Memorial Day Mass and Services have been cancelled this year but our cemeteries are open to all visitors and families as usual.


More and more people are choosing cremation over in-ground burial or above ground interment. This trend is likely to continue, so it is important for Catholics, especially, to understand how cremated remains fit in the Catholic funeral scenario.

First of all, the Church has allowed cremation for the past twenty years or more. But it also states its preference for "the pious custom of burying the bodies of the dead" intact. According to the Order of Christian Funerals:

"While cremation is now permitted, it does not enjoy the same value as burial of the body. The Church clearly prefers and urges that the body of the deceased be present for the funeral rites, since the presence of the human body better expresses the values which the Church affirms in its rites.”

If you are a Catholic considering cremation, either as a final wish for yourself or as part of the process of carrying out a loved one's wishes, you are urged to discuss the matter with the officiating priest.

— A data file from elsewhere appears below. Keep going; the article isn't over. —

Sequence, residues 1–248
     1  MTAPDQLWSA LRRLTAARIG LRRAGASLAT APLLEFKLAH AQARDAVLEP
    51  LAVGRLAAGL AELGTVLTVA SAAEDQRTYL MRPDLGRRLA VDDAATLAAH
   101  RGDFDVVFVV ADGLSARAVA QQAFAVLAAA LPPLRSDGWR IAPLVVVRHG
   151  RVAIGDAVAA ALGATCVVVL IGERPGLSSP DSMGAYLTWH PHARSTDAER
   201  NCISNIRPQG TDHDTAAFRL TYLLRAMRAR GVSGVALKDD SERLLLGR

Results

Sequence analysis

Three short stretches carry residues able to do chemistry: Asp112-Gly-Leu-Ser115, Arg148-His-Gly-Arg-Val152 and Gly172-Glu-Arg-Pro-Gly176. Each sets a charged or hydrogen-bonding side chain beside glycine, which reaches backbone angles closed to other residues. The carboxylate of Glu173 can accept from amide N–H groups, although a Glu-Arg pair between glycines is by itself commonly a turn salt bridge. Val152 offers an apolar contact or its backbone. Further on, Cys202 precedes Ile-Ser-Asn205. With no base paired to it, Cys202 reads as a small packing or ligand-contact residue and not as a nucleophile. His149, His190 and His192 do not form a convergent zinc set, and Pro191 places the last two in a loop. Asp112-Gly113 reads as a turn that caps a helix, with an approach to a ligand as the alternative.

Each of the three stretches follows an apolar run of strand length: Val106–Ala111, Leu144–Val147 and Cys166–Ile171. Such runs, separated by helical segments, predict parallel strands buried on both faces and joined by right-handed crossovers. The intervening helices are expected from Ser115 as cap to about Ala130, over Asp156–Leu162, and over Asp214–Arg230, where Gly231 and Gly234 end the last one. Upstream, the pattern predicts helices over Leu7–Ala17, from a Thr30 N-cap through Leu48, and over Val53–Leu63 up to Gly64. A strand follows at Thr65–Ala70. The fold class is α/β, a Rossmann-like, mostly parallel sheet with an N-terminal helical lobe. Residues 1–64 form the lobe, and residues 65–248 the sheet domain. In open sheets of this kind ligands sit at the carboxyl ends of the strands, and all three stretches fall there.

What is abundantly clear is that the our earthly remains—whether intact or cremated—are meant to be treated with reverence and dignity. The Church teaches that those departed are with us still as members of the "Church Triumphant." To honor their memory and commune with them in prayer, it is vital that cremated remains be accorded the same respect and "place" in the cemetery as that of traditional interment.

There are several choices for interring cremated remains. Most often, people choose cremation urns placed in niches in a structure known as a columbarium. Columbaria can be free-standing outdoor walls, or inside Mausoleums. With respect to interment rights, cremation urns can be interred with casketed remains in crypts. Cremation urns can also be buried in-ground in urn vaults designed for that purpose.